5 Things to Know

5 things to know before the stock market opens Friday

1. Dow set to drop on concerns about US-China trade

Dow futures were pointing to a 200-point decline at Friday's open after the Trump administration moved to block semiconductor shipments to China-based telecom giant Huawei, which has been at the center of a simmering technological trade dispute between Washington and Beijing.

On Thursday, the Dow Jones Industrial Average surged 377 points, or 1.6%, after being down more than 450 points earlier in the session. Stronger bank stocks and oil prices offset another dismal round of coronavirus-driven jobless claims.

The government said Friday that April retail sales plunged a record 16.4% as coronavirus lockdowns closed stores around the world. Economists had expected a 12.3% drop after an 8.3% dive in March. Reflecting the tough retail landscape in a Covid-19 world, struggling J.C. Penney plans as early as Friday to file for bankruptcy, following J.Crew and Neiman Marcus earlier this month.

The New York Stock Exchange is set to reopen its trading floor to some brokers May 26, the day after Memorial Day. The NYSE went fully electronic two months ago after two people tested positive at entryway coronavirus screenings.

2. Trump appears ready to support more direct stimulus checks to Americans

US President Donald Trump speaks during a meeting with the Governors of Colorado and North Dakota on May 13, 2020, in the Cabinet Room of the White House in Washington, DC.
Brendan Smialowski | AFP | Getty Images

The White House would likely support another round of stimulus checks, two senior administrative officials told CNBC. Direct payments to Americans, and a host of other measures to blunt the economic impact of the coronavirus, are included in the House Democrats' $3 trillion relief bill that's set for a vote Friday. Republicans on Capitol Hill have said the legislation in its current form would be dead on arrival in the Senate. The first round of stimulus checks was part of the $2.2 trillion economic rescue package approved on a bipartisan basis in March. Those payments were up to $1,200 for individuals or $2,400 for married couples who file jointly, plus $500 for qualifying dependents.

3. Sixth confirmed Amazon worker dies from coronavirus

A worker assembles a box for delivery at the Amazon fulfillment center in Baltimore, Maryland, U.S., April 30, 2019.
Clodagh Kilcoyne | Reuters

An Amazon warehouse employee on New York's Long Island has died from the coronavirus, marking the sixth known fatality of a company worker from Covid-19. The April death of George Leigh, 59, at Amazon's Bethpage distribution center, known as DNY4, comes as Amazon faces growing pressure to disclose the number of workers who have tested positive or died from the virus.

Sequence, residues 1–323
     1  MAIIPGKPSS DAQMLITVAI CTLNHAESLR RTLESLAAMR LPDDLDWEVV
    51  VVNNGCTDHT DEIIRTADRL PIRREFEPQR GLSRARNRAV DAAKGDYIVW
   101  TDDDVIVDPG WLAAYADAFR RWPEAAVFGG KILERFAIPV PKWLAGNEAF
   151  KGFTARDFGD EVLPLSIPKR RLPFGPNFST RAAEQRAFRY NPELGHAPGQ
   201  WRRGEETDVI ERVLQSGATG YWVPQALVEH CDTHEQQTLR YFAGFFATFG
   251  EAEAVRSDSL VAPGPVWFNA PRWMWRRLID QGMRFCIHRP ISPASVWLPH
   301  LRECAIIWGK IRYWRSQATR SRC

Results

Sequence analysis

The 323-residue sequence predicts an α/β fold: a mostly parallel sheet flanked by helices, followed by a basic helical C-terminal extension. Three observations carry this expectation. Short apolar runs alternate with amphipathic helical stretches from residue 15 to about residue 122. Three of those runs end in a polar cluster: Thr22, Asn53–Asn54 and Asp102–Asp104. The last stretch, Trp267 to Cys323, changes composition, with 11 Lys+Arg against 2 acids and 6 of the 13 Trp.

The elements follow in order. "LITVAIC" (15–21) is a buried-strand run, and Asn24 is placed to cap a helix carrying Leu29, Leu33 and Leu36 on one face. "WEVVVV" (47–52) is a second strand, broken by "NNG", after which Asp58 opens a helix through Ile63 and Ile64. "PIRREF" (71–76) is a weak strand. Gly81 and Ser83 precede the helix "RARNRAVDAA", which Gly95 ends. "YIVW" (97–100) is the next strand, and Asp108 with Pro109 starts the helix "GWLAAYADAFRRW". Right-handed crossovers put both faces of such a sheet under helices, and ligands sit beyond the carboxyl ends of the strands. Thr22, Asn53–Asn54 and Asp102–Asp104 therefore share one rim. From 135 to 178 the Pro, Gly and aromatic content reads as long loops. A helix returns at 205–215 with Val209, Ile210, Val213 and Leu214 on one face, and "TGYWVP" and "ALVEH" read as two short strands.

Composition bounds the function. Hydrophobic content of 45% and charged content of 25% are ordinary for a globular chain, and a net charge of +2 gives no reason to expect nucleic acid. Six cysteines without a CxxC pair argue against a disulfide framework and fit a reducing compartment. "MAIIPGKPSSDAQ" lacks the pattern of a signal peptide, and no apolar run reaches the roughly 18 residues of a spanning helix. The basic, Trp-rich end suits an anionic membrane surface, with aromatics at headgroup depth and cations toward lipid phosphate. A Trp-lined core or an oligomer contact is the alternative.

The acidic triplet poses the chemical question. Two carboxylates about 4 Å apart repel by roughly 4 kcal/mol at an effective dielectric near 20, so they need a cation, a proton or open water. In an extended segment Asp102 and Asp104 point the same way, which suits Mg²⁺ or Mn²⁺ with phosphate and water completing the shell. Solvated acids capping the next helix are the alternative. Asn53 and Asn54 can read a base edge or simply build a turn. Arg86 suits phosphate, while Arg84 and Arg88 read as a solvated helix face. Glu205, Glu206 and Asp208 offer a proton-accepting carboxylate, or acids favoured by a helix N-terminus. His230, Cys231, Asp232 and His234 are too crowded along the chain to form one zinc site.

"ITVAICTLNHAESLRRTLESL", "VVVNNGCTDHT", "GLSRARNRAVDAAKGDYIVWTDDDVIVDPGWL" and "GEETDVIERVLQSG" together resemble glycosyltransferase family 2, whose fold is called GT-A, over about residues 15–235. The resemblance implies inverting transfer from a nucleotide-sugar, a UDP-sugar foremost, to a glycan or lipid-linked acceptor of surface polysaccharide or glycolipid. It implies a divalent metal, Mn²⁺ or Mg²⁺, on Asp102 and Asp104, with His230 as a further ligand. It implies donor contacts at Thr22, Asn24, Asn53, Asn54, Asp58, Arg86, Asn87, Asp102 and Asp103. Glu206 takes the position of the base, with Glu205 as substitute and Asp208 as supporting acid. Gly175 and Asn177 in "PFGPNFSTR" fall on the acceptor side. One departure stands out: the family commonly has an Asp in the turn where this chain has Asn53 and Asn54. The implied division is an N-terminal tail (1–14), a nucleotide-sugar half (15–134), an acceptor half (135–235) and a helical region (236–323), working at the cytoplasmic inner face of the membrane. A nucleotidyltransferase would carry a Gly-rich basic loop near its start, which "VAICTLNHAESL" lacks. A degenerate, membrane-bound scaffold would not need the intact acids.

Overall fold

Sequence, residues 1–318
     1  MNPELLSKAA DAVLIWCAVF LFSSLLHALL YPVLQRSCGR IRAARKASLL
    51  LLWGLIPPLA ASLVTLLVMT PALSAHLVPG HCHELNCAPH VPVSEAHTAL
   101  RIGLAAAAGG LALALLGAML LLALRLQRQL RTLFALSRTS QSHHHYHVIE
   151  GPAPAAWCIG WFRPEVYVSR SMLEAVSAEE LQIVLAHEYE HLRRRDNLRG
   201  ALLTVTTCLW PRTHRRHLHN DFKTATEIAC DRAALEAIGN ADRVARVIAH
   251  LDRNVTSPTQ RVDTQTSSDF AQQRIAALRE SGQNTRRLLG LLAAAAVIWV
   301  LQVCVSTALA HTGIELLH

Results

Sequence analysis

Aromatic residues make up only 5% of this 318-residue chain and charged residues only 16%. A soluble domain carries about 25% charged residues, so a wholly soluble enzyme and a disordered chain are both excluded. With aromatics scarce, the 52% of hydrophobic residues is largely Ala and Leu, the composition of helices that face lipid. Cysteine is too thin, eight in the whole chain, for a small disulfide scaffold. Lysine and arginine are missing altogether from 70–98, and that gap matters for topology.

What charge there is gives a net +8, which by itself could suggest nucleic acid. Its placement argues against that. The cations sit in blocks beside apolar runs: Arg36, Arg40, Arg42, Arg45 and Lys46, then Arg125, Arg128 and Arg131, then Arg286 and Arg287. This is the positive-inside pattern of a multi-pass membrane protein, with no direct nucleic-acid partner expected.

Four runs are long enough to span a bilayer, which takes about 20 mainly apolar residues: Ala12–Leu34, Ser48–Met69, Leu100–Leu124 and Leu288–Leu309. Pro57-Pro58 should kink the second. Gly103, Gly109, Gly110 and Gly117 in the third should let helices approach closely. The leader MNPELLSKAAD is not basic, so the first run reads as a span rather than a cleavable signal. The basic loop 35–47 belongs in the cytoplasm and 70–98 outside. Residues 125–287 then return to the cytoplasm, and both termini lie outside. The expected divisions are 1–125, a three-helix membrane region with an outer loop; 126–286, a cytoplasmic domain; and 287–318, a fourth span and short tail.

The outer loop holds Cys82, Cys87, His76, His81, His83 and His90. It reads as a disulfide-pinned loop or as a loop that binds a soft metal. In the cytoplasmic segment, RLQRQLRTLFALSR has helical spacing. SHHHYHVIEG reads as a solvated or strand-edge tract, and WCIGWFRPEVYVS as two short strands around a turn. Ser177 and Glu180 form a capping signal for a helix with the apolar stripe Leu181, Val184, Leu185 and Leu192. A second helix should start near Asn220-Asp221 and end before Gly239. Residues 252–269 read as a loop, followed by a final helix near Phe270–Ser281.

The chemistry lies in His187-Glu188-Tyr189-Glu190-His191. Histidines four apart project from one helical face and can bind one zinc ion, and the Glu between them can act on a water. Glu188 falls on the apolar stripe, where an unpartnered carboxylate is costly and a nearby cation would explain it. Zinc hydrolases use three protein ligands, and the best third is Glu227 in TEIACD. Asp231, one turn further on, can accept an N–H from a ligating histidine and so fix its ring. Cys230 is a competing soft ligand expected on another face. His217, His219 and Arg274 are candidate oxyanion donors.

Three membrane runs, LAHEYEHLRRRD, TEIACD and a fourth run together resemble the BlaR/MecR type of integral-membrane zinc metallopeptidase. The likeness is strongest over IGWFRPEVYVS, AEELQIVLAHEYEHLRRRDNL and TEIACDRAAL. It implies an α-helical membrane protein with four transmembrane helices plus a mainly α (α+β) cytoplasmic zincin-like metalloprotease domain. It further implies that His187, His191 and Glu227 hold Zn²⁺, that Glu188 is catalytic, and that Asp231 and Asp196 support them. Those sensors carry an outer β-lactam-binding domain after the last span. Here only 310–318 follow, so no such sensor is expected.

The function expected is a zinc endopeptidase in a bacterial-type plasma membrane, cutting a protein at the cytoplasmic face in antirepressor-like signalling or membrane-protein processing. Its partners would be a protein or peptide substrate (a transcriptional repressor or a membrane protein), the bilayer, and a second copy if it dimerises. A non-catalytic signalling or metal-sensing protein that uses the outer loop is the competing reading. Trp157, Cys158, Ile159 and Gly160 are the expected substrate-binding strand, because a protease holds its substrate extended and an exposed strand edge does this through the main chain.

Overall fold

Stay-at-home orders or coronavirus business restrictions in a dozen states are set to expire by Monday, according to Politico. Five regions in New York state will be allowed to begin a phased reopening of their economies starting Friday. New York City is not among them. Total U.S. coronavirus cases topped 1.4 million with over 85,000 deaths. Global cases exceeded 4.4 million with over 300,000 deaths.

4. FDA issues alert about Abbott's rapid Covid-19 test

A box containing a 5-minute test for COVID-19 from Abbott Laboratories is pictured during the daily briefing on the novel coronavirus, COVID-19, in the Rose Garden of the White House in Washington, DC, on March 30, 2020.
Mandel Ngan | AFP | Getty Images

The Food and Drug Administration is warning that early data suggests Abbott Laboratories' rapid Covid-19 diagnostic test may be delivering inaccurate results. Specifically, the Abbott ID NOW test, used by the White House to screen staffers and visitors, may return false negative results.

The Centers for Disease Control and Prevention issued an alert to physicians about an emerging rare but deadly condition linked to Covid-19 in children. The illness, which the CDC calls multisystem inflammatory syndrome in children, has been reported in at least 19 states and Washington, D.C., according to NBC News.

5. 'Frozen' becomes first Broadway musical to close due to coronavirus

NEW YORK, NY - MARCH 22: Olaf and Greg Hildreth during the Broadway Musical Opening Night Curtain Call for 'Frozen' at the St. James Theatre on March 22, 2018 in New York City. (Photo by Walter McBride/Getty Images)
Walter McBride

Disney's stage production of the hit animated film "Frozen" has become the first Broadway musical to shutter during the pandemic. The closure announcement comes days after the Broadway League trade group said theaters would remain shuttered through at least Labor Day.

Facebook on Friday is hosting a "Graduation 2020" virtual commencement, with speeches from Oprah Winfrey, Awkwafina, Lil Nas X and Simone Biles, among others. Separately, YouTube, a unit of Alphabet's Google, is offering a "Dear Class of 2020" celebration headlined by Barack and Michelle Obama. Lady Gaga will be among the other speakers.

Reuters and The Associated Press contributed to this report. Follow all the developments on Wall Street in real-time with CNBC's live markets blog.